Decentralization and conflicting perceptions of control over natural resources
Moore, Keith M.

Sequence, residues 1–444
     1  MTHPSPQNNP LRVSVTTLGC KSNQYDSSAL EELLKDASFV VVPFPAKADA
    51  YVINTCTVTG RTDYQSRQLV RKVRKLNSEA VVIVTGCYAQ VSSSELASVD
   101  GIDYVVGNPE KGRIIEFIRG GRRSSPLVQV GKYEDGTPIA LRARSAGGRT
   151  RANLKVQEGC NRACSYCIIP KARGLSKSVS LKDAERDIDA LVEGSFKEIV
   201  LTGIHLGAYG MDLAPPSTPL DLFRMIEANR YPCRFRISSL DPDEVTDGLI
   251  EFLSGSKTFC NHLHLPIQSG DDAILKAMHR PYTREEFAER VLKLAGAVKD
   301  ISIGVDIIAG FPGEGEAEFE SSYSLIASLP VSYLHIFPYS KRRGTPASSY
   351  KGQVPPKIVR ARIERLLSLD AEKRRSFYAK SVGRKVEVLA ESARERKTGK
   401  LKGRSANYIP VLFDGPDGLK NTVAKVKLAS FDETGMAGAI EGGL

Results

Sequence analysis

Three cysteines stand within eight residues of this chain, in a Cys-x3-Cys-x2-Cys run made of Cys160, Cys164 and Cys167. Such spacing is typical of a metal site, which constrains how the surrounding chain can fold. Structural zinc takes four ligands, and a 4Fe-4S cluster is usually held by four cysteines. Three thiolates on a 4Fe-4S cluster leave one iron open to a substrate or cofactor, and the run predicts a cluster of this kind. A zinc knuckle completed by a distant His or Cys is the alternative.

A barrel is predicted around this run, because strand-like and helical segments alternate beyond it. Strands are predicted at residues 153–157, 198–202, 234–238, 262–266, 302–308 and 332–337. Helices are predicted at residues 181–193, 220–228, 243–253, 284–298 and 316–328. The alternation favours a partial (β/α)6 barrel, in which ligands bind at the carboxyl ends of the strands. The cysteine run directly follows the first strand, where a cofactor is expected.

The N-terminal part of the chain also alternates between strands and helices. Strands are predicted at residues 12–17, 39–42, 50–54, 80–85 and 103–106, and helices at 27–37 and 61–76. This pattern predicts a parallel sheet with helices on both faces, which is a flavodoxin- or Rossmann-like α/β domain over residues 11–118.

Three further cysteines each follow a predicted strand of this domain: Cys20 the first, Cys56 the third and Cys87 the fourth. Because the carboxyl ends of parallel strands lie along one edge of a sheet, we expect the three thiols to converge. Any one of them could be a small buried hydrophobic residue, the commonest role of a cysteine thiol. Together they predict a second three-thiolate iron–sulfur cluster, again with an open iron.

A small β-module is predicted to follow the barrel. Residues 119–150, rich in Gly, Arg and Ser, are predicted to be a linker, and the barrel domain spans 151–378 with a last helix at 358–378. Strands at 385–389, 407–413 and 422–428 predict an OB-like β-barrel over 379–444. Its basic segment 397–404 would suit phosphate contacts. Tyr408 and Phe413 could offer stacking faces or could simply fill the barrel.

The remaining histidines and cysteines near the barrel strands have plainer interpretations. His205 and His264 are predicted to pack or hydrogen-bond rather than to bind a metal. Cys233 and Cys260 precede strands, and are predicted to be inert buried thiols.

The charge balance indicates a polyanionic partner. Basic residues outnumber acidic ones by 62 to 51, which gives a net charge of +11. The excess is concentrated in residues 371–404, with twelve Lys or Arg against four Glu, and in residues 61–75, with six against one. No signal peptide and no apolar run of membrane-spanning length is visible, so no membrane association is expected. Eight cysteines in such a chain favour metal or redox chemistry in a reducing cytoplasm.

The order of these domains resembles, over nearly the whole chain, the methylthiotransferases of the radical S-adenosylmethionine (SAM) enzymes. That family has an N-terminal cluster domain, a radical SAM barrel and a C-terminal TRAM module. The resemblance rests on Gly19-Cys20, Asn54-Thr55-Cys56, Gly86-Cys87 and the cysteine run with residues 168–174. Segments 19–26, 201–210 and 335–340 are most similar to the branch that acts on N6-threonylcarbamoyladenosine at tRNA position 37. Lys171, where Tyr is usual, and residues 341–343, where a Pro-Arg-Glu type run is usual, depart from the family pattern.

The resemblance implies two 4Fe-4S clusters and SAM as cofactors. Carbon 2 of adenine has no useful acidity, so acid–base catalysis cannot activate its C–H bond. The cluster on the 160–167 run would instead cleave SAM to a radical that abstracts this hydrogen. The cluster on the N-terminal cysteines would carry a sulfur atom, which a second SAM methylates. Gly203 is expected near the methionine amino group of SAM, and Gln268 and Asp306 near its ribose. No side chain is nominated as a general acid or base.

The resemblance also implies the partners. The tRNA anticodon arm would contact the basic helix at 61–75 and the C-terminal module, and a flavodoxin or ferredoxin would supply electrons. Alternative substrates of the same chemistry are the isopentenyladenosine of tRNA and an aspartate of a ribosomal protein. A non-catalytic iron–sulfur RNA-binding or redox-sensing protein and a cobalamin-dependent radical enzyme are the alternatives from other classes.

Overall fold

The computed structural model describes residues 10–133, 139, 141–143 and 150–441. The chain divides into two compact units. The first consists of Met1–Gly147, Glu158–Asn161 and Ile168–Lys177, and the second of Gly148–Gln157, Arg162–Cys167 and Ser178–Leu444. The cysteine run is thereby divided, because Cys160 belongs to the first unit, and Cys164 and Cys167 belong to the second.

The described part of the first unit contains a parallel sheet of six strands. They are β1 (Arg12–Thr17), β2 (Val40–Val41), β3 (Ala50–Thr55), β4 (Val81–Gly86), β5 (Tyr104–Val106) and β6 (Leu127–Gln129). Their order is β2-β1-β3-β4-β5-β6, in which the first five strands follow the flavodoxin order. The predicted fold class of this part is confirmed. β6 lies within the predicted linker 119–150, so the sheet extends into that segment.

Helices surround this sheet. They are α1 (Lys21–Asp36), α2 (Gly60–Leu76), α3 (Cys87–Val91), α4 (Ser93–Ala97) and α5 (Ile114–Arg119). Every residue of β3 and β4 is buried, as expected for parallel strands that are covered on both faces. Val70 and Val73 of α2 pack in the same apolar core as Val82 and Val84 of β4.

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Control over natural resources is a fundamental concern of rural populations. In Senegal, advocates of decentralization claim that local control will increase with the recently promulgated law on Regionalization and the recently revised Forestry Code. These laws have increased the legal authority of the Rural Councils to arbitrate claims over natural resources, particularly in the interpretation and enforcement of the National Domain Law. This paper argues that while decentralization may have brought the locus of decision-making closer to the local populations, it has not necessarily increased their security of tenure, particularly for women. Using data from Community-Based Natural Resource Management Project surveys, differing perceptions of control over natural resources are investigated.